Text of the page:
The tribute show has been an unavoidable phenomenon in Kansas City in 2011. Among the individuals most responsible for this trend is Cody Wyoming. In February, he organized a tribute to Exile on Main St. A sold-out Crosstown Station crowd watched as a revolving door of more than two dozen local musicians celebrated the classic Rolling Stones album. Wyoming was also heavily involved in a live theatrical production of Pink Floyd's The Wall, held in late April at the Living Room.
For such occasions, Wyoming has assembled what is more or less a core band — he calls it the Cody Wyoming Deal. They play the songs of Texas roots-rocker Alejandro Escovedo November 10, but this isn't a tribute show. Rather, Escovedo will be at the venue, onstage, singing, front and center; the Cody Wyoming Deal will serve as his backing band. The Pitch recently spoke to Wyoming about this pretty special evening.
The Pitch: How did it happen that Alejandro Escovedo tapped you to play with him?
Wyoming: Matt Kesler, who owns Midwestern Musical Co., which is the guitar store where I am actually working as I talk to you, has been friends with Alejandro for years. And it's Matt's birthday the night after the show at 1911 Main, and he's having a party and invited Alejandro to come in for it. Anyway, Matt wanted him to play a show while he's here and told him he'd put together a band for him here. He asked Alejandro if he remembered me, and he did, so I just put together the band, which is basically the band I did The Wall and Exile on Main St. with.
How did Escovedo know you from before?
Back in the '90s, it seems like he'd play at Davey's three or four times a year. I think a lot of us here in Kansas City, and most everybody in the band, got to know him that way.
Who's in the band?
Chris Meck on guitar. I'm playing guitar. Erik Voeks is bass. Mike Stover will do steel guitar and mandolin. Paul Andrews on drums. And then we'll have some backup singers: Katie Gilchrist, Abigail Henderson, Lauren Krum.
So is everyone a fan of Escovedo's work?
Yeah, absolutely, and it's really nice that it happened to turn out that way. Pretty much everyone involved has been going to see him for years and years. So most of the stuff we're learning to play we're already pretty familiar with. We started rehearsing informally in the middle of September and have been going fairly heavy the last month preparing for it.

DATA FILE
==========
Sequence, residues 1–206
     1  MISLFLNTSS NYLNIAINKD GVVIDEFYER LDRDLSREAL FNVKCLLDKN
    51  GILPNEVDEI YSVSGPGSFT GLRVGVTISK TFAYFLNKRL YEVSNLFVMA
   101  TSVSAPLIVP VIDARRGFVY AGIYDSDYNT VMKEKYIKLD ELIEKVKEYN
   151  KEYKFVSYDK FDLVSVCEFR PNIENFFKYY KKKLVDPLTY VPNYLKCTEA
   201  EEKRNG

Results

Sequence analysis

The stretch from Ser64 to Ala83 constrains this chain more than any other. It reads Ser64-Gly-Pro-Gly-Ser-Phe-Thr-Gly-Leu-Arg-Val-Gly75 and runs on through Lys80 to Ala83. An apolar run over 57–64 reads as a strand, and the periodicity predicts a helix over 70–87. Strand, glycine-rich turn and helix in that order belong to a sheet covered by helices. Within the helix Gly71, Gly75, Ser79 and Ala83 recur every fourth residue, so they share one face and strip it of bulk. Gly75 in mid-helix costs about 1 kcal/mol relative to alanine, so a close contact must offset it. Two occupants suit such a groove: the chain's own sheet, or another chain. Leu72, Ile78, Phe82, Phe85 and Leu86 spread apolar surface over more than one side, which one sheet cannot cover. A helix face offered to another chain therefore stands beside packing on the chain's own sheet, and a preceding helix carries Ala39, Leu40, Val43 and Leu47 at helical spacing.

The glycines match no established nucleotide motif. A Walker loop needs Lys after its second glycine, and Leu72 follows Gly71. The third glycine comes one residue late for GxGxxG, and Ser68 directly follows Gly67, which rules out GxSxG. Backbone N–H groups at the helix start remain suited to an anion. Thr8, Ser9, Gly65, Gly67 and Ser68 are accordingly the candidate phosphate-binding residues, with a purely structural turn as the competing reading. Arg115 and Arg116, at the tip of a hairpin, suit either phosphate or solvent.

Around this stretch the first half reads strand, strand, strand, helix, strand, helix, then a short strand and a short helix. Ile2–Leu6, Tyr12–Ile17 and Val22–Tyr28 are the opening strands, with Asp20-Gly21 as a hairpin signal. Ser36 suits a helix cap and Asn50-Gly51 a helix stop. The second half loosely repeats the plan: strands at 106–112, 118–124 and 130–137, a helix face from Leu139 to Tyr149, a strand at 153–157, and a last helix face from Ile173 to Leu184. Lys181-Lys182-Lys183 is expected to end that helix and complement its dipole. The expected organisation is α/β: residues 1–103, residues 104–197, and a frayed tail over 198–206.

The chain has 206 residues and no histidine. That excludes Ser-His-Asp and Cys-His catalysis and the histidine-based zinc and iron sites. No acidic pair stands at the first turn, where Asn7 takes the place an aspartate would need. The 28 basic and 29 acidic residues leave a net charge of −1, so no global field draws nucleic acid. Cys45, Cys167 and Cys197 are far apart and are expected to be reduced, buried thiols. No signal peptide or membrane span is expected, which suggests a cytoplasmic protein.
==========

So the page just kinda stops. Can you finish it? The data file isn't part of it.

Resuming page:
How did you determine what songs to play?
I basically sent Alejandro a wish list of songs that we wanted to play. And he said he was cool with all those songs but that he wanted to add eight more. So we got everything we wanted and more. The songs he wanted are mostly his newer material, which I wasn't quite as familiar with, but man, it's some good stuff.
Escovedo is one of those guys with kind of a quiet but fervent following. What do you think it is about him that inspires that?
Yeah, I know what you mean, and it's a little hard to describe. I mean, first off, he's a great writer. A good song is a good song is a good song. And the guy has just written a ton of really great songs. But he also has this indefinable quality as a performer, this ability to connect with an audience that's unlike anybody else I know. In addition to his voice and his guitar playing and his lyrics — I've always really liked his lyrics — there's just something fantastic about his delivery and presence.
He's also inspirational to me as a person. I had some health problems a few years back that took me out of the game for a while. And it happened around the same time he was battling health problems. [Escovedo contracted a severe case of hepatitis C in the middle '00s.] But he continued to write and play when he could, and then when he got better, he came back even better. He didn't let it beat him. He got back up and hit back harder than he'd hit before.